Protein that helps salamanders re-grow limbs identified

November 14th, 2007 - 8:20 am ICT by admin  
The new finding attains significance as it may provide insights into the field regenerative medicine relating to humans, says Anoop Kumar of the University College London, who led the study published in the journal Science.

The scientists say that when a newt or other amphibian loses a limb, stem cells in the region grow and divide at the tip of the stump, where the limb was once attached, to form a larger mass of cells called blastema.

“Those cells grow and divide and they give rise to the structures that have been amputated. So if you amputate at the wrist, those cells will give rise to a hand; if you amputate at the shoulder, they’ll give rise to an arm,” LiveScience quoted study team member Jeremy Brockes, of the University College London, as saying.

During the study, the researchers chopped off red-spotted newts’ limbs and the attached nerves, which are needed to stimulate the production of the nAG protein.

The researchers then zapped the cells of the now-exposed body region with electrical pulses so that they could deliver little bundles of DNA carrying genes for the protein nAG.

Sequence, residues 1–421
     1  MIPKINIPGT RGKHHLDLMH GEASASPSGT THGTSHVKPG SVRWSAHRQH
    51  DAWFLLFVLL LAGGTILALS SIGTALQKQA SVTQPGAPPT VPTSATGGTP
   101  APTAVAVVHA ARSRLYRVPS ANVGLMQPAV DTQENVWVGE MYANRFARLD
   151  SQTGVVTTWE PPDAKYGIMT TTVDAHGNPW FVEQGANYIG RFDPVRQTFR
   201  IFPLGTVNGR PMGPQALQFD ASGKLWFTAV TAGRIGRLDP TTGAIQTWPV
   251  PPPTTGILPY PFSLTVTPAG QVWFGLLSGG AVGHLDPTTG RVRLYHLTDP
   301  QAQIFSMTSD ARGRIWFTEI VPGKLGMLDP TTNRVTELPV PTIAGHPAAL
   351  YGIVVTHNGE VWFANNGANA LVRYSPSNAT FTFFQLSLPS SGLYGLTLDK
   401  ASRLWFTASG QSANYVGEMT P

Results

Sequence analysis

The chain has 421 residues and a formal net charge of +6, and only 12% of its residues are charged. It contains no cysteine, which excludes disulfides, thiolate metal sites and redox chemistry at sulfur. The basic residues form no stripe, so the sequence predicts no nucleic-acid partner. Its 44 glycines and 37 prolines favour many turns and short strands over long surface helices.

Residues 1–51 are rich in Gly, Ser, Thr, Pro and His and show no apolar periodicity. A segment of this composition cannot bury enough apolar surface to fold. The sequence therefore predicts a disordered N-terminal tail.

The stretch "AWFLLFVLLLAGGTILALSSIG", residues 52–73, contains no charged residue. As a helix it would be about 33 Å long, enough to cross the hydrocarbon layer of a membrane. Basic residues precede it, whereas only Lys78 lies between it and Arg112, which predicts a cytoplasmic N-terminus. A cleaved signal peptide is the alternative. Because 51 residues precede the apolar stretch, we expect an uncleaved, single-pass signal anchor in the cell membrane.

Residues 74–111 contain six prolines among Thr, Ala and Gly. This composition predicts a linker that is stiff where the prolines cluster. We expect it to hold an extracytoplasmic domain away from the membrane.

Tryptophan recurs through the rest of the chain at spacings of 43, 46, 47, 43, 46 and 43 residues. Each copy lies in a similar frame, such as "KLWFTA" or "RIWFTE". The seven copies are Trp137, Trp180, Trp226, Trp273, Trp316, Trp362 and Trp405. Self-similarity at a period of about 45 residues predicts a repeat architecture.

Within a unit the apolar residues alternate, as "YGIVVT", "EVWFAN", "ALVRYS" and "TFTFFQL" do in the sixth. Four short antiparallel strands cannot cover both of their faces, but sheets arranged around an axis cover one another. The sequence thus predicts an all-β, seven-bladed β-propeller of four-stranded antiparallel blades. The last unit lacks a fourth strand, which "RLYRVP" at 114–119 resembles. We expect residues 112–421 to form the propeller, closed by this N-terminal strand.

The newts’ limbs were regenerated within 30 to 40 days, but the new limbs had less muscle mass than the original ones.

Upon conducting further lab experiments, the researcher observed that the nAG protein works directly on the blastema cells, causing them to grow and divide.

Brockes, however, has admitted that it is too early to say that human-limb regeneration is right around the corner.

“What everybody is interested in, of course, are things about the extension to humans. I’m really very cautious about that,” he said.

He also revealed that in order to move one step further towards limb regeneration in humans, scientists needed to figure out whether there exists human equivalent to the blastema that salamanders form after a limb gets amputated.

“I don’t think we generate those (blastema) cells after injury in a way that a newt does,” Brockes said. (ANI)

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